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Louisiana contractor says parish fraud case is retaliatory

A Louisiana defendant has a chance to petition for reduced charges in advance of a criminal trial only when charges are filed through a bill of information. There's no wiggle room for the defense over pre-trial charges when a defendant is indicted by a grand jury. An indictment means the case goes to trial as is.

A grand jury in Livingston Parish fell one vote short of indicting a contractor who did cleanup work for the local government after Hurricane Gustav in 2008. The district attorney's office piled 81 counts of theft and fraud charges onto the owner of C-Del Inc.

Officials believe Livingston Parish was cheated. The defendant is accused of sending false invoices to the parish in 2010 and 2011, an allegation the contractor hotly denies. C-Del Inc. charged the parish approximately $2 million, starting in October 2009. Reports did not indicate what portion of the bills were believed to be fraudulent.

Some members of the Parish Council were concerned about the contractor's work ethic in 2011 and canceled the firm's contract. In 2012, the incoming parish president put a stop payment on a $379,000 C-Del check approved by the earlier administration.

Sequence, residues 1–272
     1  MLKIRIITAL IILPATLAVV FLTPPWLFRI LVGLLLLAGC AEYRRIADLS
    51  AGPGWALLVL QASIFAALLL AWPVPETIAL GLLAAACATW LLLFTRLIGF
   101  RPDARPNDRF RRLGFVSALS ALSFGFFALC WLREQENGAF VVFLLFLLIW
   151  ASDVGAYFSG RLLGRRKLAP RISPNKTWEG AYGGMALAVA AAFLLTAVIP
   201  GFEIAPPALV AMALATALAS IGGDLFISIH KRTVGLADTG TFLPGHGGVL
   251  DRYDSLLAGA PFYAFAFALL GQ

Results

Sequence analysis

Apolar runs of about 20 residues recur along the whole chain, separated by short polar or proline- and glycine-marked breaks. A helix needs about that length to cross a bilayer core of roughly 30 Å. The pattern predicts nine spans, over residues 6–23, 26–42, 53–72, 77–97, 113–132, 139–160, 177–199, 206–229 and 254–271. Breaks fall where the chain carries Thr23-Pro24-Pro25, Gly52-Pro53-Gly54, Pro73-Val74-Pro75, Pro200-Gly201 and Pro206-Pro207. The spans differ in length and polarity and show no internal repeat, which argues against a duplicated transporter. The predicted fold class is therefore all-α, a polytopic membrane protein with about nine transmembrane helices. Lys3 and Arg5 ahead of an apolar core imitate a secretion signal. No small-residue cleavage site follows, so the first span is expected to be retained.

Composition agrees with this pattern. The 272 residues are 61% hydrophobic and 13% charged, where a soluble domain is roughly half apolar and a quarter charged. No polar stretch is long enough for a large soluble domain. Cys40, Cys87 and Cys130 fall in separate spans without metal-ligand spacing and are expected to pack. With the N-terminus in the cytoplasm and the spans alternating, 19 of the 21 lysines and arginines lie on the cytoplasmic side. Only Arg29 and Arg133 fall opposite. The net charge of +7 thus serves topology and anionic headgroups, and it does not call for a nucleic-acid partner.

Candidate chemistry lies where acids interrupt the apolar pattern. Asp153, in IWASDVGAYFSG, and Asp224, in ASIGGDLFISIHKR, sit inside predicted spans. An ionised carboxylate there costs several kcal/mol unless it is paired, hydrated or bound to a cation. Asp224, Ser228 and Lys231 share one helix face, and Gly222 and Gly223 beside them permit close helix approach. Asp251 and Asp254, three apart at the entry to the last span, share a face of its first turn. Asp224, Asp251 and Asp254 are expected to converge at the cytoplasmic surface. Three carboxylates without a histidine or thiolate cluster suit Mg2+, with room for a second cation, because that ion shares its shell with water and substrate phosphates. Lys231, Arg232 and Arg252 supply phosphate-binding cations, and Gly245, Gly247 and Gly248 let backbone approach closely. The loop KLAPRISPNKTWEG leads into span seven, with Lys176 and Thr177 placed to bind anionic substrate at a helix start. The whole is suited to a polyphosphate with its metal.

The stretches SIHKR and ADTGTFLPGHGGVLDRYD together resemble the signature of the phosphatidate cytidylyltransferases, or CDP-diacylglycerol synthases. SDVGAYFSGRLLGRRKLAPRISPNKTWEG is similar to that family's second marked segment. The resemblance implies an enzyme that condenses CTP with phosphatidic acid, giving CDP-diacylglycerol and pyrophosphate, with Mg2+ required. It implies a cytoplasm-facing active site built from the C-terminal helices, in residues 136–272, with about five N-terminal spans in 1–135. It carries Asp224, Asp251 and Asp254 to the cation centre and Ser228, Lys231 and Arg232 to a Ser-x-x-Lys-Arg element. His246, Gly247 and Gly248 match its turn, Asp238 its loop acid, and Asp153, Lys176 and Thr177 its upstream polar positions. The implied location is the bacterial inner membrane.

The bill of information alleges the contractor charged the parish for time he didn't put in on the job. The state seized dozens of electronic devices from the defendant's home, which prosecutors said contain enough evidence for conviction.

The defendant believes the charges were trumped up because he found improprieties among three other companies also involved in cleanup operations. The man also stated his work hours were skewed because he doubled as an informant for the Federal Bureau of Investigation, a claim the agency has not verified. A not guilty plea is expected at arraignment.

A bill of information may contain more charges than evidence can substantiate. A criminal defense lawyer may enter a motion to quash to lessen the charge or charges.

Source: The Advocate, "Contractor accused of falsifying billing expected to enter plea Wednesday" Robert Stewart, Feb. 11, 2014

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